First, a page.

Now Facebook, Twitter, and sites such as Flickr allow companies a way to tell their stories with passion and to build a connected community and fan-base. So, with the excellent advice of a couple of good friends, Patric Chocolate has taken the leap into the New Web:

The Patric Chocolate Facebook Page
— If you are on Facebook, please spread the word and become a fan. We have a review system as well so that you can tell everyone what you think about our chocolate and other fine chocolate products. I’ll be posting new chocolate-related videos and photo albums from cacao sourcing trips, and giveways will be available for Fans.

The Patric Chocolate Twitter feed
— Follow my daily chocolate-making process, learn about special events, and interact!

Thank you for your support; during these tough economic times, it really does mean a lot!

Very best,

Patric Chocolate

P.S. Don’t forget to sign up on our mailing list on the top-right of the page. I send out a monthly newsletter with product specials, new products, events, and educational chocolate information. If you change your mind later, it is easy to unsubscribe with one click. No worries

P.P.S. By the way, if you’ve never seen what your mild-mannered chocolate maker looks like, there is a story in the Kansas City Star, just out today, that has quite a few good photos.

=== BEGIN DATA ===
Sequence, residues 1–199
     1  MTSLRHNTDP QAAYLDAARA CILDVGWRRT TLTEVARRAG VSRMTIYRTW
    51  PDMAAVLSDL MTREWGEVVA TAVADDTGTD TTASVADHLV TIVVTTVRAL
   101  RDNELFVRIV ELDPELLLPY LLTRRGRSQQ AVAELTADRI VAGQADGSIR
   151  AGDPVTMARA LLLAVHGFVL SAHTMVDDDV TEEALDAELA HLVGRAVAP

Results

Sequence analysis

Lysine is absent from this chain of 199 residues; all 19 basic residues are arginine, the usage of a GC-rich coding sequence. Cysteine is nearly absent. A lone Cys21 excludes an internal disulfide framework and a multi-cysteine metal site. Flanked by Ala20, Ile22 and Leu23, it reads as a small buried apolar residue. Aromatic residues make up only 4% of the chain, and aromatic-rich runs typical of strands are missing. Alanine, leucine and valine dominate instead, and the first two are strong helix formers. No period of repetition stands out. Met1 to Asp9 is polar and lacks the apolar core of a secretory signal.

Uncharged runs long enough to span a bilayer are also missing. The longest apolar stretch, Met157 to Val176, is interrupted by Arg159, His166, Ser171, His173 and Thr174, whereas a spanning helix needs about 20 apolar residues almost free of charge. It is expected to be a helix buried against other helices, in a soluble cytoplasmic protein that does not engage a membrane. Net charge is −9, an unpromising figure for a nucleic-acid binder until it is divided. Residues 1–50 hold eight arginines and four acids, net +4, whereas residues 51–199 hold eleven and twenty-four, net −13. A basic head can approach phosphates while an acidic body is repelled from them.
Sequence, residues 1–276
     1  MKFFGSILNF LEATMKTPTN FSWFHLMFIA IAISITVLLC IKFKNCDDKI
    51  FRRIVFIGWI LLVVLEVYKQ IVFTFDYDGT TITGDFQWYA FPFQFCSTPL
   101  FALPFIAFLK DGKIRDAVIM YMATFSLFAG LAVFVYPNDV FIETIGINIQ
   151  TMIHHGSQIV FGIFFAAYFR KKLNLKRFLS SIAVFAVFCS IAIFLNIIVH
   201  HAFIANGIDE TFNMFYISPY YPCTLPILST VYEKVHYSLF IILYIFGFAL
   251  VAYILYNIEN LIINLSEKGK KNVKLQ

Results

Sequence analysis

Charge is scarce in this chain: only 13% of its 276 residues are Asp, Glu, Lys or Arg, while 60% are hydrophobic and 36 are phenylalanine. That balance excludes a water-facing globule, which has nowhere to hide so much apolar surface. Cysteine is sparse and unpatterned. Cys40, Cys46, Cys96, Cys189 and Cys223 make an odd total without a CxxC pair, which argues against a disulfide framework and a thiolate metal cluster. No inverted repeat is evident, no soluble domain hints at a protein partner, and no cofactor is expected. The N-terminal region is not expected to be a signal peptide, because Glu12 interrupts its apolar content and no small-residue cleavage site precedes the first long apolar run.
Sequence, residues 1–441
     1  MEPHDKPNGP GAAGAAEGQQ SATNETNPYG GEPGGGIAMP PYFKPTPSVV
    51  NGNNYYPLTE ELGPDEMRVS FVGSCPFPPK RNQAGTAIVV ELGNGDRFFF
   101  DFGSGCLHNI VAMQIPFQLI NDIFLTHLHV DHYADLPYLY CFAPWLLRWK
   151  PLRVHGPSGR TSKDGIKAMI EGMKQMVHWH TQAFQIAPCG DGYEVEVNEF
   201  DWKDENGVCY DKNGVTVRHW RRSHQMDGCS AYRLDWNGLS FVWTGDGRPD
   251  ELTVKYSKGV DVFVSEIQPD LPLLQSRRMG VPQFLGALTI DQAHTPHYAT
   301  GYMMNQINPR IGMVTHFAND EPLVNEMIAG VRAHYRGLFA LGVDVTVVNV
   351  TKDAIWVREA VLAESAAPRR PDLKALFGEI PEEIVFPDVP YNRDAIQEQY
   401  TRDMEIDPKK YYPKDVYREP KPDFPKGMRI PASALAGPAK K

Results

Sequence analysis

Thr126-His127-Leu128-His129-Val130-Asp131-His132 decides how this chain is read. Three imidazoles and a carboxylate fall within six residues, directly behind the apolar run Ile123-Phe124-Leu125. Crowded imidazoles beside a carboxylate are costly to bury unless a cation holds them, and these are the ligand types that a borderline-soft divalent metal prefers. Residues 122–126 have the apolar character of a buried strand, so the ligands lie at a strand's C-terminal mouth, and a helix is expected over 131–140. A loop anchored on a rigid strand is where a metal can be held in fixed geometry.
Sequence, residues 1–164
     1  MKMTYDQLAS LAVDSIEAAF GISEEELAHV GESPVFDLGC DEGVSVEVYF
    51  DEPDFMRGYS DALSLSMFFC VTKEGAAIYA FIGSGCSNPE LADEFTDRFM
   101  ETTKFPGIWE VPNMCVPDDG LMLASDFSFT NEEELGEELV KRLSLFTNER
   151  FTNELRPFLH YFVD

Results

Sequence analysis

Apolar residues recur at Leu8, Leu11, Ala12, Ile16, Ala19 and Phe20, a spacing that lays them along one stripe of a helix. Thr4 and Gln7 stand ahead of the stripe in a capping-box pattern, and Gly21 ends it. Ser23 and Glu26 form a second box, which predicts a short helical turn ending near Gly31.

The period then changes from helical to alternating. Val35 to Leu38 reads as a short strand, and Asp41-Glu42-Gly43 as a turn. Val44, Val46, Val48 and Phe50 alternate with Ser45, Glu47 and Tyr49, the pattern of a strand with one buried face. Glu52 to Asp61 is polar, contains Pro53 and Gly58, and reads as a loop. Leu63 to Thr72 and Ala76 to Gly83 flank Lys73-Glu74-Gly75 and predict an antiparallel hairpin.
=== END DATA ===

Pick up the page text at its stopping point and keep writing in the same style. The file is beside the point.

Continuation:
Patric Chocolate now Twittering

That’s right. I’ve given in. I’m now twittering for Patric Chocolate. Follow my chocolate-related micro-blogs here:


Chocolate-Myth Busters #4: Organic Chocolate Tastes Better (or Worse)

Potential Myth To Be Busted:

Organic chocolate tastes better (or worse) than non-organic chocolate.

Long Response:

I have responded to similar questions in several interviews, and most recently spoke about the issue at a chocolate forum hosted by Charles Chocolates in San Francisco during Slow Food Nation.

An interesting thing to note is that while the most flavorful chocolate that many people might encounter on a daily basis, especially when we are talking about a grocery store, is organic, there is also another tier of chocolate bars, in terms of quality and price, with which most people are generally unfamiliar. This higher tier includes bars that are more expensive per ounce than the average organic chocolate bar at the grocery store, in some cases by multiple factors.